08 May 2024

Senior Responsible Individual: Your organisation’s key decision-maker in data protection

It’s a year of change with impending elections, shrinking economies and now the Data Protection and Digital Information Bill (the Bill) is likely to become law in summer this year! Perhaps not as momentous as the other shifts mentioned, but for businesses the Bill represents a substantial shift in this landscape as it requires a member of senior management to take responsibility for data protection, ensuring that it is built into governance at the highest level.

The purpose of the Bill is to take advantage of the UK’s status outside the EU to reform certain aspects of the UK’s General Data Protection Regulation (GDPR). It intends to boost the economy by £10.6 billion, reduce burdens on businesses and support international trade. All whilst maintaining high standards for personal data use.

What is a Senior Responsible Individual?

The Data Protection Officer (DPO) was an independent advisor to senior management.  In contrast the Senior Responsible Individual (SRI) must be “part of the organisation’s senior management”, i.e. one of ‘the individuals who play significant roles in the making of decisions about how the whole or a substantial part of its activities are to be managed or organised’. In practice this will be a member of the executive management team, but could also be a director of the board.

The purpose of this change is to make it clear that data protection responsibilities ultimately rest with an organisation’s senior management. While this is already the case, it has been an issue that lacks clarity and accountability – this change is aimed at ensuring issues around data protection automatically reach board level as they would form part of a senior management report.

Responsibilities of the SRI versus the DPO

SRIs may replace DPOs, but they have different responsibilities depending upon whether the organisation is a controller or a processor. Their tasks will be broadly similar to DPO’s with the inclusion of monitoring compliance with data protection legislation, handing data breaches and training employees. The difference between an SRI and a DPO is that the former can delegate certain tasks to suitably qualified staff. The SRI will need to understand data protection and maintain accountability, only the tasks can be delegated not the accountability, consistent with any senior management function.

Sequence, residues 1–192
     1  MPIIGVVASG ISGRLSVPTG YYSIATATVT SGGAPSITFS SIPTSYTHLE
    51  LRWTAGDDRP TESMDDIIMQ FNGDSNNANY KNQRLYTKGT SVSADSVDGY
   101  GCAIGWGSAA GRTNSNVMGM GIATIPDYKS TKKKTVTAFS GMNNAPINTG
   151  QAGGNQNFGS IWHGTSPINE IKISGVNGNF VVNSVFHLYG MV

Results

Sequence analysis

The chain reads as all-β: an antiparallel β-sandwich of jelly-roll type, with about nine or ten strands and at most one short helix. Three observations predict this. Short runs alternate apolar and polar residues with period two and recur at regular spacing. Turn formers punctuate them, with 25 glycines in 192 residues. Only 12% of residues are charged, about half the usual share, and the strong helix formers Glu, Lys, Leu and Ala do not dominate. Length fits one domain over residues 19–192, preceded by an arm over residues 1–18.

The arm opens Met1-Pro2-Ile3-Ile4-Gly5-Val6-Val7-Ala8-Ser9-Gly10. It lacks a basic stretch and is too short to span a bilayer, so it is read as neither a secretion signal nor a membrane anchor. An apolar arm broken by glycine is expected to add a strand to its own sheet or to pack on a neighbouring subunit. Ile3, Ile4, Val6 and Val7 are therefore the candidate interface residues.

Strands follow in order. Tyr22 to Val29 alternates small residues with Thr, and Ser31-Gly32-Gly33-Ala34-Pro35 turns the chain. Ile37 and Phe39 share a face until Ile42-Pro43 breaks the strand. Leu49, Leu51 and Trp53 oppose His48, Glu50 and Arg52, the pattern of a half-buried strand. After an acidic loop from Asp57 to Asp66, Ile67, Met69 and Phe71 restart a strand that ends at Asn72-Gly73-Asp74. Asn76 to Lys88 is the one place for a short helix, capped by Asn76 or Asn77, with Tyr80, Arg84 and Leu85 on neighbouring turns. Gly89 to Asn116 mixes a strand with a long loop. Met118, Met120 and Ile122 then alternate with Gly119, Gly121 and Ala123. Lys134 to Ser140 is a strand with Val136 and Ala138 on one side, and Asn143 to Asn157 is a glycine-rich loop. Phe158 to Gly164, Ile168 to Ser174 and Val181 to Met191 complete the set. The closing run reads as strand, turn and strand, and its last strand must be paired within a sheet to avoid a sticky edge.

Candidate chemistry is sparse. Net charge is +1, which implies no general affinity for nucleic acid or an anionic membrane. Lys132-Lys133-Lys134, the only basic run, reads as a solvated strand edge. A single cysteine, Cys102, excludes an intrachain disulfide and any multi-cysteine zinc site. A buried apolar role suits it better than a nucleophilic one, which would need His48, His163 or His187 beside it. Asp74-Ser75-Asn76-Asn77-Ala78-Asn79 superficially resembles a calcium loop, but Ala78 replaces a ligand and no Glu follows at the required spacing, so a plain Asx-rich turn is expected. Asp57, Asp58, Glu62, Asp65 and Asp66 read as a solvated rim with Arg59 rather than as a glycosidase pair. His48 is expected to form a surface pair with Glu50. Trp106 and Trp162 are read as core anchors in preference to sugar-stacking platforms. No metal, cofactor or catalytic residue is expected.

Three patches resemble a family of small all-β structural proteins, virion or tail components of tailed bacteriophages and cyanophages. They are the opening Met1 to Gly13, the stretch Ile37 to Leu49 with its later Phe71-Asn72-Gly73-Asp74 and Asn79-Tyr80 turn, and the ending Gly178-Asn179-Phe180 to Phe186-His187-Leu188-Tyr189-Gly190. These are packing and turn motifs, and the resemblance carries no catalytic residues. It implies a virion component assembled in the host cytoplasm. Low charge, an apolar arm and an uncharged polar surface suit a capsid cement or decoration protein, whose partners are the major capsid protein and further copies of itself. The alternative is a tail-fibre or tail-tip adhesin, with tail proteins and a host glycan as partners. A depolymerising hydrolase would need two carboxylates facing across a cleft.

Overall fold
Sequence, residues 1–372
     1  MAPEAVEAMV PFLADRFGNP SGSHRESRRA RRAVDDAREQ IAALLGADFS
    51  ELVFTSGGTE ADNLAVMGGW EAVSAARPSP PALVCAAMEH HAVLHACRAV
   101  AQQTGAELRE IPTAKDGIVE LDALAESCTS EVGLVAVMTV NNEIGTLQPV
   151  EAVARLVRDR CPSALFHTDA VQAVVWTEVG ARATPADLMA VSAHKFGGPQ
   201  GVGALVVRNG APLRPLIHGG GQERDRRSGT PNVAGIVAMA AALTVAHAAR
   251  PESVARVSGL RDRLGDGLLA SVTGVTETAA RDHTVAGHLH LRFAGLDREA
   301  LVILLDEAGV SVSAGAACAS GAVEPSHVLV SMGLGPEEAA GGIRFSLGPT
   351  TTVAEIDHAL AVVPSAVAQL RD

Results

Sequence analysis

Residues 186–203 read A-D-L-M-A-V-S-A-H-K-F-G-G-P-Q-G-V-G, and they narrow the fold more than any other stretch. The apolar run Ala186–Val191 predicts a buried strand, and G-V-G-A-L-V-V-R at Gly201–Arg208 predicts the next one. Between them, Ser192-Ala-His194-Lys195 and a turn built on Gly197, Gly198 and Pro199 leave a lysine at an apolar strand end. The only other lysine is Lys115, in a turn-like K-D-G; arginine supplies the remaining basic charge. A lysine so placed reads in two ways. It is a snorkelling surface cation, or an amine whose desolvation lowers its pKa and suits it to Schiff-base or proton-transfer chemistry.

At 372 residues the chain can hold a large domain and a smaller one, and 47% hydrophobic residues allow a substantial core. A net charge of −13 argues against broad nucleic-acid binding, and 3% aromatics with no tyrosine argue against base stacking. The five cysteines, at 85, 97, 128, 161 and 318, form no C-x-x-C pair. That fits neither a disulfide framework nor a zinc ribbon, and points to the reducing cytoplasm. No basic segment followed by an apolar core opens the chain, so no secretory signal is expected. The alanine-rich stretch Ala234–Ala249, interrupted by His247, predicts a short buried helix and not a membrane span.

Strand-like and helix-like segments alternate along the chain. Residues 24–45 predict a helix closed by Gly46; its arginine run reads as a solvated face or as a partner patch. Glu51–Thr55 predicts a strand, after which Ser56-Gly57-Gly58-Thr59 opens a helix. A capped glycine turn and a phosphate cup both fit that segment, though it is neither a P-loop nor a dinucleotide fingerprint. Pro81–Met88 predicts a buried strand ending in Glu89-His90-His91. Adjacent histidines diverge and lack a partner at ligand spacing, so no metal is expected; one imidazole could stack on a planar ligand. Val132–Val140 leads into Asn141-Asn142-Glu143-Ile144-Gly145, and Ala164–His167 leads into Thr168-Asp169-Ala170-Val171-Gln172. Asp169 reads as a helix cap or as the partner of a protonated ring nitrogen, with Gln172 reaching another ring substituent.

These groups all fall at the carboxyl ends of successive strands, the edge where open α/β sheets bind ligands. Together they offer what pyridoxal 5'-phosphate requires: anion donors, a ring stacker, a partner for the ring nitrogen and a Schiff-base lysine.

The SRI’s contact details must be made public and sent to the Information Commissioner’s Office.

What options does your organisation have?

  1. Add the SRI function to a member of senior management to be responsible for strategic risk assessment and overall compliance and monitoring of the data protection consistent with the law.  These individuals will not need a specialised role as the operation execution of the tasks would be delegated, and some organisation may therefore choose to keep and delegate to their existing DPO.  

  2. Promote your existing DPO or appoint a data protection expert to the board.

  3. Appoint a new member to the senior management team who has both the technical knowledge and capabilities to carry out the tasks as well as the executive management capabilities to provide accountability and transparency at the senior level.

The executive and the board would likely require training to have the necessary understanding of data protection so that when the SRI raises issues they can adequately identify and assess risks within the context of their overall decision-making.

How to comply with all the new changes?

The SRI represents just one of many changes in data protection. To comply with these changes, it’s essential you are currently compliant with data protection. If you are compliant now, you will remain compliant after the new legislation. This presents an opportunity to review your data management practices throughout your organisation.

Nick Alstrom, Wilkin Chapman LLP
Need help?

Contact Nick to discuss this further.

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